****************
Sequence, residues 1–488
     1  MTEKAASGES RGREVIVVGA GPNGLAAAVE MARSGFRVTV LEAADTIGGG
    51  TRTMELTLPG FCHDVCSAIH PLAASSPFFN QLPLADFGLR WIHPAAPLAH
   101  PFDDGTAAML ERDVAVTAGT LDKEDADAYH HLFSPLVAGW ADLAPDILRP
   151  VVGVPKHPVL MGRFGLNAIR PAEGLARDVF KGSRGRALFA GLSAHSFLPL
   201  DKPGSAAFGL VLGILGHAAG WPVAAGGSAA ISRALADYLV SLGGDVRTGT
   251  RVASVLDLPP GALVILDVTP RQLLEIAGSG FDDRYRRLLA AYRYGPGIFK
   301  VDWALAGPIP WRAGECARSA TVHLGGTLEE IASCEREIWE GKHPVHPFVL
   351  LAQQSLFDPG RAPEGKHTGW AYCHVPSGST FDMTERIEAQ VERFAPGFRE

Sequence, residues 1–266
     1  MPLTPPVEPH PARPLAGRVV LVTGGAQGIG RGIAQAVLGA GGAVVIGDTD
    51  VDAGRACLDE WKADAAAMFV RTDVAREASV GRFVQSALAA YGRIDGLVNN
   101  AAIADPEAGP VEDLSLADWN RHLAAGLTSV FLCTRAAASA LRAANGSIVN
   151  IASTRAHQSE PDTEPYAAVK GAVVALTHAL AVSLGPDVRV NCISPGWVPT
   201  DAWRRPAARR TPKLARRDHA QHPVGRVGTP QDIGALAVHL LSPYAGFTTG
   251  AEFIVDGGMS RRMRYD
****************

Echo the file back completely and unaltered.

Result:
Sequence, residues 1–488
     1  MTEKAASGES RGREVIVVGA GPNGLAAAVE MARSGFRVTV LEAADTIGGG
    51  TRTMELTLPG FCHDVCSAIH PLAASSPFFN QLPLADFGLR WIHPAAPLAH
   101  PFDDGTAAML ERDVAVTAGT LDKEDADAYH HLFSPLVAGW ADLAPDILRP
   151  VVGVPKHPVL MGRFGLNAIR PAEGLARDVF KGSRGRALFA GLSAHSFLPL
   201  DKPGSAAFGL VLGILGHAAG WPVAAGGSAA ISRALADYLV SLGGDVRTGT
   251  RVASVLDLPP GALVILDVTP RQLLEIAGSG FDDRYRRLLA AYRYGPGIFK
   301  VDWALAGPIP WRAGECARSA TVHLGGTLEE IASCEREIWE GKHPVHPFVL
   351  LAQQSLFDPG RAPEGKHTGW AYCHVPSGST FDMTERIEAQ VERFAPGFRE

Sequence, residues 1–266
     1  MPLTPPVEPH PARPLAGRVV LVTGGAQGIG RGIAQAVLGA GGAVVIGDTD
    51  VDAGRACLDE WKADAAAMFV RTDVAREASV GRFVQSALAA YGRIDGLVNN
   101  AAIADPEAGP VEDLSLADWN RHLAAGLTSV FLCTRAAASA LRAANGSIVN
   151  IASTRAHQSE PDTEPYAAVK GAVVALTHAL AVSLGPDVRV NCISPGWVPT
   201  DAWRRPAARR TPKLARRDHA QHPVGRVGTP QDIGALAVHL LSPYAGFTTG
   251  AEFIVDGGMS RRMRYD